The two extremist groups – UK-based Minbar Ansar Deen and Nigeria-based Boko Haram – are to be proscribed in the UK under terrorism laws, making membership and support for them a criminal offence. Home Secretary Theresa May is to lay an order which, if approved by Parliament, will ban both of the radical Islamist organisations from operating in the UK from midnight on Friday morning. Minbar Ansar Deen – also known as Ansar al-Sharia UK – promotes terrorism by distributing content through its online forum, which encourages individuals to travel overseas to engage in extremist activity, specifically fighting, the Home Office said. The Government said banning Boko Haram, which aspires to establish Islamic law in Nigeria, will prevent the group from operating in the UK and give the police powers to tackle any UK-based support for the group. Decisions to proscribe the organisations are understood to be unrelated to the murder of soldier Drummer Lee Rigby near Woolwich barracks in south-east London in May. The penalties for proscription offences can be a maximum of 10 years in prison or a £5,000 fine. Under the Terrorism Act 2000, the Home Secretary can proscribe an organisation if it is believed to be concerned in terrorism. If approved by Parliament, it will be a criminal offence to belong to or back Minbar Ansar Deen or Boko Haram, as well arrange meetings or wear clothing in support of them. Other proscribed groups include al-Qa’ida, Al Shabaab and Islam4UK, which before it was banned was led by Anjem Choudary.
A 24-year-old woman who posted racist comments on Facebook after the death of Drummer Lee Rigby has avoided a jail sentence. Michaela Turner, of Southsea, Hampshire, was sentenced at Portsmouth magistrate’s court to an eight-week jail term, suspended for six months. She was ordered to pay £85 in costs and a victim surcharge of £60. The court heard that Turner had been drinking when she made comments about the Woolwich attack on the social networking site. They included: “Feeling like burning down some mosques in Portsmouth, anyone want to join me?” Rebecca Strong, defending, said: “She is extremely remorseful and ashamed of what happened. She was with a friend, they were drinking, they had watched some clips regarding what happened in Woolwich and she was extremely upset, as is most of the country at what happened.” Strong said Turner had stopped using Facebook and deleted the comments. “She fully accepts what she did and is very ashamed of what she said. Turner pleaded guilty to an offence contrary to section 127 of the Communication Act 2003.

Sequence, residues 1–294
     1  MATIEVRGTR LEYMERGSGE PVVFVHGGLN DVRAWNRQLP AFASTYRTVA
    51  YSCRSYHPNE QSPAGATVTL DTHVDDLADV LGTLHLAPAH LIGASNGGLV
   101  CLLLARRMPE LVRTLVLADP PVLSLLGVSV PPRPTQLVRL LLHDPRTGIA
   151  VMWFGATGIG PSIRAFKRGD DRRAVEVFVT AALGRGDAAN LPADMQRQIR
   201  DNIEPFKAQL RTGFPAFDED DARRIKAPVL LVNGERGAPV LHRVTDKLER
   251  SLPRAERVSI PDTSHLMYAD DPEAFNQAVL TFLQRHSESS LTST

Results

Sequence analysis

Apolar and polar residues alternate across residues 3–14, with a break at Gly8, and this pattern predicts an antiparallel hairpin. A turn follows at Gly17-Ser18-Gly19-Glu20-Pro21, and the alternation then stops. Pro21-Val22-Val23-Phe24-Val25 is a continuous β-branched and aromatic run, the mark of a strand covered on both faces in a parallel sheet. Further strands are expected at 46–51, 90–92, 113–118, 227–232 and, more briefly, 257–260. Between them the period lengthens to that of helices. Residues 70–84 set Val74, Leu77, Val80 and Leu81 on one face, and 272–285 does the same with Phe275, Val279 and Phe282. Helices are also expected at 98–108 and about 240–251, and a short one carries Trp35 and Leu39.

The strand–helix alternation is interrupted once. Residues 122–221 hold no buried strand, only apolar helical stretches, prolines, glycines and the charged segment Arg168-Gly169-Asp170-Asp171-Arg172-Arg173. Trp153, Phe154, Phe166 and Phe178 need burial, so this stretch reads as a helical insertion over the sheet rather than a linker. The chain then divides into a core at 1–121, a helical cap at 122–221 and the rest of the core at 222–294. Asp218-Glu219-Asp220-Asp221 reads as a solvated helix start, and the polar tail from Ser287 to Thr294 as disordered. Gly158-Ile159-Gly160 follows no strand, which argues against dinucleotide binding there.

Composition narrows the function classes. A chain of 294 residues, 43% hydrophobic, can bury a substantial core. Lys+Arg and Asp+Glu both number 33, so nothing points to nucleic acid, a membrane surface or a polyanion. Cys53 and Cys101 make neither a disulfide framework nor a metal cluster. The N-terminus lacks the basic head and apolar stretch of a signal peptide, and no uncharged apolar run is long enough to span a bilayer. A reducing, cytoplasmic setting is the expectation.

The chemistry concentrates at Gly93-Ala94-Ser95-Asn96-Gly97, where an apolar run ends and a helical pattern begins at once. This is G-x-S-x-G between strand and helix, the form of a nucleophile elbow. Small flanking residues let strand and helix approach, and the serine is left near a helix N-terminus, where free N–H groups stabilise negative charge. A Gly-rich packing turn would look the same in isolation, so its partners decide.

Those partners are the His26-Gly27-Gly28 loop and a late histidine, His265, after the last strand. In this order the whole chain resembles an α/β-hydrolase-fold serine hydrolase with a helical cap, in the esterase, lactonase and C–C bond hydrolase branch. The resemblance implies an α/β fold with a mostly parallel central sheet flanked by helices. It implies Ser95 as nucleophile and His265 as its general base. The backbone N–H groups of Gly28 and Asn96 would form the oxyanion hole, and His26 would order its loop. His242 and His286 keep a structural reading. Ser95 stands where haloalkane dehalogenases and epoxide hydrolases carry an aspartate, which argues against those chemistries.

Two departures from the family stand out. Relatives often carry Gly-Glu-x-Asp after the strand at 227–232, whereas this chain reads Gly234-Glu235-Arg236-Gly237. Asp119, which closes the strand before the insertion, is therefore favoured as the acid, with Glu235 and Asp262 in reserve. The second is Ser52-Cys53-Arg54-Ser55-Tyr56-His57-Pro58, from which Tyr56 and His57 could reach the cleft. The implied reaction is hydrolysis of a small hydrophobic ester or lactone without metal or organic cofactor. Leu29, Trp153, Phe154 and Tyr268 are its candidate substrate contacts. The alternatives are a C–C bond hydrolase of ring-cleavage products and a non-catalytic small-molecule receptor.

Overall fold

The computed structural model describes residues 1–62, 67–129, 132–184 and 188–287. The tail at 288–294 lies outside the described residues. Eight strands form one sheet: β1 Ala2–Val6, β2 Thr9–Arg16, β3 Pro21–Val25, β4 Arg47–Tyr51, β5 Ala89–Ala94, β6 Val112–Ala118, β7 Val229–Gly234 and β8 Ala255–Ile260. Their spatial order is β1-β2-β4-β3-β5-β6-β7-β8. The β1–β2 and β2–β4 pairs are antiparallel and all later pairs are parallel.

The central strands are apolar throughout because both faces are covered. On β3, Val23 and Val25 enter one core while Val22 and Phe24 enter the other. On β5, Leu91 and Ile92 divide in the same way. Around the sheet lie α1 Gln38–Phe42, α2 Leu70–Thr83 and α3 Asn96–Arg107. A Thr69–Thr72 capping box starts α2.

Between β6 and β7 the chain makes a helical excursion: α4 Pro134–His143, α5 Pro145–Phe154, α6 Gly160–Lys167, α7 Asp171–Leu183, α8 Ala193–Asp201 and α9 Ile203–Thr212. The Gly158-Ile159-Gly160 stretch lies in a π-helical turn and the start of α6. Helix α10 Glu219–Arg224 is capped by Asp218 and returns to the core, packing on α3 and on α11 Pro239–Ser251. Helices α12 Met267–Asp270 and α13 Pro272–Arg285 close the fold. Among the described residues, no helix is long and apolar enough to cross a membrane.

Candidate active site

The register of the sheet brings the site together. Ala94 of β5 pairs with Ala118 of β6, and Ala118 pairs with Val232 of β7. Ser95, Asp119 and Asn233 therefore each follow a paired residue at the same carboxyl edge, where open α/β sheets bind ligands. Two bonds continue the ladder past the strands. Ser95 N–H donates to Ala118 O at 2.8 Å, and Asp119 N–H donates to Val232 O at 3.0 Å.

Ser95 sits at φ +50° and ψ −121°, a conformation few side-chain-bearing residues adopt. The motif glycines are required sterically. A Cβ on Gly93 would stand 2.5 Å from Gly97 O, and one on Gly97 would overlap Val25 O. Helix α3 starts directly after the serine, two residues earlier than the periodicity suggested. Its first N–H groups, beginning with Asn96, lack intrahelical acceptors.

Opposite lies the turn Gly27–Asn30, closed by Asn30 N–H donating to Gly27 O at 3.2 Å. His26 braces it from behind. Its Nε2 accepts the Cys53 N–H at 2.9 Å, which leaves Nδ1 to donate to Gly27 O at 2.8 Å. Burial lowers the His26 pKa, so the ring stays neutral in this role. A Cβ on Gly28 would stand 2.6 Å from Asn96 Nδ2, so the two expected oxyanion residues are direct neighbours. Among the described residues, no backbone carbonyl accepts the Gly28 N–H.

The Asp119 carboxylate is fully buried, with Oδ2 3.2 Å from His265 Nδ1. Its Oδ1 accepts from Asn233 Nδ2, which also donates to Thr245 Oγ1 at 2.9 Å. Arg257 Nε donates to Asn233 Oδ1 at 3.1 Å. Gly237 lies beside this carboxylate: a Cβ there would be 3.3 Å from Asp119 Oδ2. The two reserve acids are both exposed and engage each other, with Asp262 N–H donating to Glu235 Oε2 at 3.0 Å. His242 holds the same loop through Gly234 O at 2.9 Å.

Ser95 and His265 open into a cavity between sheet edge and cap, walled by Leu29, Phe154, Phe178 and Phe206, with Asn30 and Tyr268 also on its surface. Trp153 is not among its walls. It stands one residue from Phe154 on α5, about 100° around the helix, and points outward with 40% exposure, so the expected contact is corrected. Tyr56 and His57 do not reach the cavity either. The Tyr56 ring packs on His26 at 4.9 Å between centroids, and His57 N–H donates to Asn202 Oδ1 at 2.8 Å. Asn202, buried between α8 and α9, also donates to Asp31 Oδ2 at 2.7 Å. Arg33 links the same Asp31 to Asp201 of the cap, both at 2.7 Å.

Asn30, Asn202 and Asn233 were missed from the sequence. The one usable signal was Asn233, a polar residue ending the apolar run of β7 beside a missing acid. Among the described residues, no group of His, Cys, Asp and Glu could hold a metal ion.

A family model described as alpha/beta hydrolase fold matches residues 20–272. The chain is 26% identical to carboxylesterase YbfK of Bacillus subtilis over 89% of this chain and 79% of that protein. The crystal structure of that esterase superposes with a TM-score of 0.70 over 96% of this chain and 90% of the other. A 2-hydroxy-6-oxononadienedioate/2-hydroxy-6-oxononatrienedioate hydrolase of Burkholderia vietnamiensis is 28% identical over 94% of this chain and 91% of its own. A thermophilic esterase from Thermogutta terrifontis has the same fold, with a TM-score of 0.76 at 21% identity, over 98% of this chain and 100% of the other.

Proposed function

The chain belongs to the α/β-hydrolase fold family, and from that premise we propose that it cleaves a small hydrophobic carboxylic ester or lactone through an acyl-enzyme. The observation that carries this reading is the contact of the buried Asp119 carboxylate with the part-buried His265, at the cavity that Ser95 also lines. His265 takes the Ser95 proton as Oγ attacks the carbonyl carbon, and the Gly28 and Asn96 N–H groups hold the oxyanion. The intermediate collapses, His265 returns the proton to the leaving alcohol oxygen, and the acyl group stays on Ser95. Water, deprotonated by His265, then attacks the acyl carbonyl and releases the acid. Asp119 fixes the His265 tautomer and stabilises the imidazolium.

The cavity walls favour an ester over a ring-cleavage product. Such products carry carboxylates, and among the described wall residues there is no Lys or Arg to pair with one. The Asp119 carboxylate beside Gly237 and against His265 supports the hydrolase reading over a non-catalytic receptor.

Just about everyone, from every political party and from none, is lining up to have a go at our dim, tattooed thugs, so they must have done something. And, of course, they have. Their aggressive and moronic behaviour has caused offence and fear and may even have directly contributed to acts of violence against UK citizens and residents. And yet the murder of Drummer Lee Rigby overshadowed – or should have overshadowed – everything. The attack by adherents of a hateful and violent iteration of Islam was an awful reminder that Islamism remains, even 12 years after 9/11, the greatest threat to our way of life.
Uncomfortable though it is for some, a need exists to examine the dark underbelly of what goes on in some of our mosques. True, the vast majority of British Muslims would never associate themselves with Islamism. Yet preachers of hate as well as their followers and fellow travellers, worship in the same buildings, speak to, work with, and are related to that sensible majority. And those law-abiding citizens have a duty to challenge them, expel them and, if necessary, report them to the authorities.
Tom Harris is the Labour MP for Glasgow South and Shadow Minister for the Environment in the House of Commons. He is quoted as saying “Britain, including British Muslims, must now examine the dark underbelly of what goes on in some of our mosques and do more to confront extremists”. “Some Muslims in Britain hold essentially intolerant and violent beliefs”, he said.